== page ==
The Roar
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Umaga's comeback a recipe for regret

Roar Pro
17th February, 2011
24
1879 Reads

As a result of his selection at inside centre for the Chiefs’ encounter with the Brumbies this Saturday, Tana Umaga will be able to tell his grandchildren he was the oldest man to ever play Super Rugby. In fact, several of his grandchildren will likely be in the crowd.

The soon-to-be 38-year-old is defying his years and commonsense to start for the Chiefs, in place of the injured Richard Kahui. Incredibly, Umaga, who will also set a seemingly unbreakable record as the oldest sportsman to still be sporting dreadlocks, will mark Robbie Coleman, who was not yet six months old when Tana signed his first professional football contract.

It begs the question, why?

In recent years we’ve seen several comebacks which can only be described as failures and in some cases, completely heartbreaking.

Any Australian who watched Justin Harrison “run” out for the Brumbies last season would know the heartbreak I speak of. More of a set-piece consultant than a fire-breathing tower of mongrel, he did little more than scream out some numbers at the line-out for 30 minutes a match.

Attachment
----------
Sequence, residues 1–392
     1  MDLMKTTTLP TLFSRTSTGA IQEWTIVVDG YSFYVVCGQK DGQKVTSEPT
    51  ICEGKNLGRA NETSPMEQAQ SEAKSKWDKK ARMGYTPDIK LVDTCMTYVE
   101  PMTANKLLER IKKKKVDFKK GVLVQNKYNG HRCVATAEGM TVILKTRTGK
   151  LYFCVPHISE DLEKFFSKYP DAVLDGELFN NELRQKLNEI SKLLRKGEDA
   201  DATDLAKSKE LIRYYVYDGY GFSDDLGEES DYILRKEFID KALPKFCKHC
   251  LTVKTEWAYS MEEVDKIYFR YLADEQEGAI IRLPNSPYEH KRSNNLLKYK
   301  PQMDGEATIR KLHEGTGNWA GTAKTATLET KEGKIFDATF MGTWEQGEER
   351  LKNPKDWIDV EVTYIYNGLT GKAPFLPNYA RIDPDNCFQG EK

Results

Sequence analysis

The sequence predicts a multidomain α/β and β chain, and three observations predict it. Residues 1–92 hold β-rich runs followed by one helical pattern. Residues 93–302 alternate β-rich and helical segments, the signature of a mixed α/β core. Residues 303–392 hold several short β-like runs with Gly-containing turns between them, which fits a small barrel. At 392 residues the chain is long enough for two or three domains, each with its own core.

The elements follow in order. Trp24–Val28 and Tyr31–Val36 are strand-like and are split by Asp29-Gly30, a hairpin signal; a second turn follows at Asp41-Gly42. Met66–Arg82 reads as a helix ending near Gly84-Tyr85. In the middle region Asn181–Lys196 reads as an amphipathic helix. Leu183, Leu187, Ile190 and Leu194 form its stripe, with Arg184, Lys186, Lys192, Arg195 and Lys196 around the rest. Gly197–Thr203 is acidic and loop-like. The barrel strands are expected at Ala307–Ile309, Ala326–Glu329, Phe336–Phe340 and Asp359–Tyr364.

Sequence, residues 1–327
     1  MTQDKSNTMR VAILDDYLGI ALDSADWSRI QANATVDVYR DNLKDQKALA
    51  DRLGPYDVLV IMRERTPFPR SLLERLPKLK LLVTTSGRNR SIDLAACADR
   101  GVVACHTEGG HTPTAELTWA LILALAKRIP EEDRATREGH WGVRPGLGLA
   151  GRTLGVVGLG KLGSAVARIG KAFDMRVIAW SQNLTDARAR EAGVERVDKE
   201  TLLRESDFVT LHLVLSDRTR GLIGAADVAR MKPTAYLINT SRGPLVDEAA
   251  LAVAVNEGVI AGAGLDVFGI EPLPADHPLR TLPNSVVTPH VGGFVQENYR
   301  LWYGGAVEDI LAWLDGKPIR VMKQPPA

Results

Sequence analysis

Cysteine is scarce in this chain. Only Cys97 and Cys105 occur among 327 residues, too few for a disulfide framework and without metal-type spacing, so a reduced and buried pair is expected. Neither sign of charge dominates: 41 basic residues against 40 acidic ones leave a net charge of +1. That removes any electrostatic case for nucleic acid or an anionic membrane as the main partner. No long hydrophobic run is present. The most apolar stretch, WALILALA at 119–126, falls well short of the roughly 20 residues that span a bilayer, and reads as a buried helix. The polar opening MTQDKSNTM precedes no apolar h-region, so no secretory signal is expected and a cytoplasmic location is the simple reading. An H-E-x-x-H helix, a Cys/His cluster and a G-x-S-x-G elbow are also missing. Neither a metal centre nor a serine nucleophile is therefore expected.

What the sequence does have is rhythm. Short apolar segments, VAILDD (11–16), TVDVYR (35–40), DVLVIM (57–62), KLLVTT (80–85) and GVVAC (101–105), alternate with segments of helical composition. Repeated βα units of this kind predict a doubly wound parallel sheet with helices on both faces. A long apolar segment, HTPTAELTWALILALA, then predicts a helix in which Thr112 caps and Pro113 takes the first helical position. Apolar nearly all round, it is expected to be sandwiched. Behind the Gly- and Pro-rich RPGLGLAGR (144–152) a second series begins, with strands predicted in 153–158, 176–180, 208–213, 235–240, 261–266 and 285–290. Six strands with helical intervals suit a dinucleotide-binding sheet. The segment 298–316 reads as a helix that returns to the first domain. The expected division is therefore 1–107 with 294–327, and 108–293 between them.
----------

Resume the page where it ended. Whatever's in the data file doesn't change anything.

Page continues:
Worse still was Carlos Spencer.

Carlos was truly a magnificent player who paved the way for the modern 10. Ask Q. Cooper, Toomua or Beale, who they idolised growing up and you’ll get the answer “Spencer” without a second thought.

For the Lions, Carlos was emphatically terrible. Like the biggest of fish in the smallest of ponds, he floundered, seemingly gasping for air. With each match he turned out for them, he got worse.

For me, his comeback didn’t just tarnish his career. It fractured his aura.

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So, why do it? Well for Harrison it was about redemption after drug allegations. For Spencer, I suspect it might have something to do with the SA Rugby record contract he was offered. Andrew Walker was helping the Reds out. Geoff Huegill was fat. Thorpey is broke. No one has uttered the words “Michael Klim” in five years.

Tana has nothing to gain. He is a hero to millions. No one cares that he went to Toulon to secure his family’s future and everyone loves him as much as they did the day he was handed the All Black captaincy. He is a great.

At best, his comeback can only cement how the rugby community already feel about him. More likely though, we will see vulnerabilities which were previously unseen.

As much as I wish him every success, sadly, comebacks tend to make mortals of Gods.

It’s a young man’s game. It’s fast. It’s physical. It’s cut-throat.

It’s not tiddlywinks.